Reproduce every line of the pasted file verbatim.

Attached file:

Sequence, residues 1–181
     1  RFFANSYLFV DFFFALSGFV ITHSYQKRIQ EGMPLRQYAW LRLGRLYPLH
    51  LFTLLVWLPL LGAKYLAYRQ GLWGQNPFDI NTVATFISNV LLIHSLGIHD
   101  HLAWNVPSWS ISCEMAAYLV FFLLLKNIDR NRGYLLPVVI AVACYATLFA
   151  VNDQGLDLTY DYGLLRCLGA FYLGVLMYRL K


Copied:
Sequence, residues 1–181
     1  RFFANSYLFV DFFFALSGFV ITHSYQKRIQ EGMPLRQYAW LRLGRLYPLH
    51  LFTLLVWLPL LGAKYLAYRQ GLWGQNPFDI NTVATFISNV LLIHSLGIHD
   101  HLAWNVPSWS ISCEMAAYLV FFLLLKNIDR NRGYLLPVVI AVACYATLFA
   151  VNDQGLDLTY DYGLLRCLGA FYLGVLMYRL K